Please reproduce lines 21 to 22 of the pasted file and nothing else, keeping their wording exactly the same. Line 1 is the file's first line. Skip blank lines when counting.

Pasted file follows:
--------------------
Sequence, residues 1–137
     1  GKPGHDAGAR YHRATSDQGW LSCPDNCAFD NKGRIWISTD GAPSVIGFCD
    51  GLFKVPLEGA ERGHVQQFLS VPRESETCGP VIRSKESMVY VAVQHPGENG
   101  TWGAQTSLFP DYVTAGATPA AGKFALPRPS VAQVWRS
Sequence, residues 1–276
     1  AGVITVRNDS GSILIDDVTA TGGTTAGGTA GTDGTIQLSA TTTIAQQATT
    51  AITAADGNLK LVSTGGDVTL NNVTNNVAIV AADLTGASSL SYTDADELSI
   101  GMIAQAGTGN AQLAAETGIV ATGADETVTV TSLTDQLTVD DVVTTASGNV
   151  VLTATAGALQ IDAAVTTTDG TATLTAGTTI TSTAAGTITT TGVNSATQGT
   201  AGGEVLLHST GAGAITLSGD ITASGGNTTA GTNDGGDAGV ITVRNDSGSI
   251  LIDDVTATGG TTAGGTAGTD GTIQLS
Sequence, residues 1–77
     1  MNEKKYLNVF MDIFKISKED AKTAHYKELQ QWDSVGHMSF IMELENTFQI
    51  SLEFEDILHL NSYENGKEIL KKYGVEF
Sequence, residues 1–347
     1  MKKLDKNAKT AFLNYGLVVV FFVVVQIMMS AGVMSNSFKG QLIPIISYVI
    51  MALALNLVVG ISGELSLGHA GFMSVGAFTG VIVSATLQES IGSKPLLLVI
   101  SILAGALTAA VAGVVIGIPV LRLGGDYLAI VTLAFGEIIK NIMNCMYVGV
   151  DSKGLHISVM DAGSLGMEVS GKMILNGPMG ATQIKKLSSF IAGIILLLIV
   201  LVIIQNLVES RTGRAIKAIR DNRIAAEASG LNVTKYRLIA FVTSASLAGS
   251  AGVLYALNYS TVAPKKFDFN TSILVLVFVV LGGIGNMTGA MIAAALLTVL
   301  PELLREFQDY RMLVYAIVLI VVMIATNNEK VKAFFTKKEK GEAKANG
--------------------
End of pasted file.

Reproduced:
   251  AGVLYALNYS TVAPKKFDFN TSILVLVFVV LGGIGNMTGA MIAAALLTVL
   301  PELLREFQDY RMLVYAIVLI VVMIATNNEK VKAFFTKKEK GEAKANG